Student Life

A walking tour of Montreal’s murals

After a recent announcement that Montreal will remain in the red zone in November, many students are at a loss as to how to spend their free time. Students have exhausted the many movies to watch with roommates and, due to the drop in temperatures, can no longer spend time lounging in the park with friends. Inspired by the summer’s MURAL Festival, taking advantage of Montreal’s incredible mural art scene is a great way to make walks with friends more interesting. The McGill Tribune has put together a walking tour of four incredible murals, starting on Sherbrooke Street and heading up Saint Laurent Boulevard, during which students will pass by many more public artworks to reach the pinpointed destinations.

“Burnt Toast,” Scott MartinSherbrooke Street and Parc Avenue

Created by Canadian-born artist Scott Martin, this piece is hard to miss. Considerably recognized for his digital work, Martin has recently expanded into the world of murals. Located at the back of Provigo, “Burnt Toast” is a massive mural depicting three pastel characters, two standing and one in a wheelchair. With a soothing purple background, the three subjects all have twisty-turny limbs and are gazing in different directions. The piece is meant to touch on the topics of diversity and inclusion, and is sponsored by the yogurt brand Light and Free. The upcoming line of yogurts all have Martin’s cheeky designs present on the top of the labels.

“Untitled,” IntiPrince Arthur and Milton on Clark

The next stop of the tour is located on the brick wall facing Parc Ethel-Stark. While today the mural is partially covered by graffiti, its gravity is still coherent. The muralist Inti was born in Valparaíso, Chile and began his career at a young age painting murals on the walls of his home town. Since then, Inti has participated in mural festivals across the world, including in Montreal. This particular mural is untitled and depicts the famous folkloric character, kusillo, who recalls traditional Incan symbols. The enormous piece of art is not just beautiful—it will invite viewers to stay and take a closer look at the detailed patterns, intricate features, and entrancing composition.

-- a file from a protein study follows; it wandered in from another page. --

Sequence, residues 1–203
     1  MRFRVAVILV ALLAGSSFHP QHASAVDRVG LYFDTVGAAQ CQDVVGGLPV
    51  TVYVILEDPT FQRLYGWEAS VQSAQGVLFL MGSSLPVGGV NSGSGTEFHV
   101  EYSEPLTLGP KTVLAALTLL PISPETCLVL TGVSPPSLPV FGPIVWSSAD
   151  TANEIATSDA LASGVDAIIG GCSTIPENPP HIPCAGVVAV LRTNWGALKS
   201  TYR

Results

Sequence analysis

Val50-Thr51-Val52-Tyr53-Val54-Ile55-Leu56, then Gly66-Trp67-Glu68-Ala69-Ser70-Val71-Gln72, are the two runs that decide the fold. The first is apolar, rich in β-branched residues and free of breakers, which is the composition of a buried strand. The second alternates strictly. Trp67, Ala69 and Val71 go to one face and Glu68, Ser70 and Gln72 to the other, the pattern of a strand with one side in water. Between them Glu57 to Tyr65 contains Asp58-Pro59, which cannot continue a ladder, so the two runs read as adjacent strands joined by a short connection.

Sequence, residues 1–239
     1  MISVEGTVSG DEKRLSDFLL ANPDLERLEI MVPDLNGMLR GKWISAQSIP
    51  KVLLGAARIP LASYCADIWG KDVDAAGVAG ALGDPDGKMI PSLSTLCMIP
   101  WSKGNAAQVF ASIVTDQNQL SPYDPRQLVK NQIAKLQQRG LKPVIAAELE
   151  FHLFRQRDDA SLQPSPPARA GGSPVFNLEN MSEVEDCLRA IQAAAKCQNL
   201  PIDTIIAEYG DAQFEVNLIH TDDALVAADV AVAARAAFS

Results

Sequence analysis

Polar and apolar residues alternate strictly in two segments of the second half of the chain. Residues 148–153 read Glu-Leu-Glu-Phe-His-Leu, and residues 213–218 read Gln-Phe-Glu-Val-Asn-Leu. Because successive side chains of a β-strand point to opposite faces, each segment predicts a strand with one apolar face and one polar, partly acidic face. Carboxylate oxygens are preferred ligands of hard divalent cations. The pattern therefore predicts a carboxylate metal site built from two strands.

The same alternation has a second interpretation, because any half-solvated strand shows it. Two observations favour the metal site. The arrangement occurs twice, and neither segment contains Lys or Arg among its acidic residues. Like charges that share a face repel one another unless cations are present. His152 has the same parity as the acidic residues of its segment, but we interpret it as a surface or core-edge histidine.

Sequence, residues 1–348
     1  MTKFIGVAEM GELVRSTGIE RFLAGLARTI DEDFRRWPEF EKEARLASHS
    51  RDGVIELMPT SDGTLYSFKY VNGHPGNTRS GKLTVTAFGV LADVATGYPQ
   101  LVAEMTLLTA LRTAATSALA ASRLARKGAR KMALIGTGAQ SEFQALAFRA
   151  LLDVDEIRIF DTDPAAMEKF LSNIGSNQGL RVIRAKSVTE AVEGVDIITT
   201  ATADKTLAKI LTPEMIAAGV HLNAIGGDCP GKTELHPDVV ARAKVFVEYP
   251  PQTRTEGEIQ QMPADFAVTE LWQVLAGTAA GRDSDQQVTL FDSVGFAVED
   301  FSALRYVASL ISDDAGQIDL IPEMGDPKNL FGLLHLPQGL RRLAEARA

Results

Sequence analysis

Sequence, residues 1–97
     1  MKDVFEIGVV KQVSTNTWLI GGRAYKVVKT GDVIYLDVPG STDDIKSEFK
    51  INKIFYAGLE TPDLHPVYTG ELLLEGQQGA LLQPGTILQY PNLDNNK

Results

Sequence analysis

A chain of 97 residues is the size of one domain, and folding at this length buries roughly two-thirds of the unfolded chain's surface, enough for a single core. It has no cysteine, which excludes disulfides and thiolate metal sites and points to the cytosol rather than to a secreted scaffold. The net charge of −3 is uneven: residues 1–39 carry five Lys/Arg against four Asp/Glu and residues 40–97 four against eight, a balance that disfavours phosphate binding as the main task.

“DENIAL,” Daniel Joseph Bombardier – Saint Laurent and Clark 

Next, take only a few steps onto Saint Laurent Boulevard to find Daniel Joseph Bombardier’s pop art masterpiece. The title of his piece, “DENIAL,” was adopted in 1999 and has been intended to ridicule society’s denial of reality when it comes to media, advertising, and the world of politics. Bombardier is Canadian born; however, he has created many similar murals around the world satirizing contemporary politics. This particular mural is meant to challenge the viewer in understanding the North American political climate, and with the recent attention on social justice activism such as the Black Lives Matter movement, it remains salient. “DENIAL” calls out the viewer in their complacency. This piece is powerful, daring, and accurately portrays the language of sociopolitical upheaval at the top of the mural with the words, “Sorry is not enough.” 

FVCKRENDER” by Frédéric Duquette – Saint Laurent Boulevard and Saint Dominique Street

Our final stop on the tour is “FVCKRENDER” by Frédéric Duquette. This recently finished masterpiece showcases an array of delicate flowers against a black-painted brick wall. The striking juxtaposition has become part of Duquette’s signature style and has brought him wide recognition in both the mural scene and the pop culture world. Duquette has previously collaborated with Dior, Lil Nas X, and Supreme. His work is innovative and is often mixed with cutting edge fashion, photography, and graphic work. This is a must-see on the tour.

To expand the tour and get more information on the hundreds of incredible murals across Montreal, check out this dynamic map of murals on the Mural Festival website. 

Share this:

Leave a Comment

Your email address will not be published.


Read the latest issue

Read the latest issue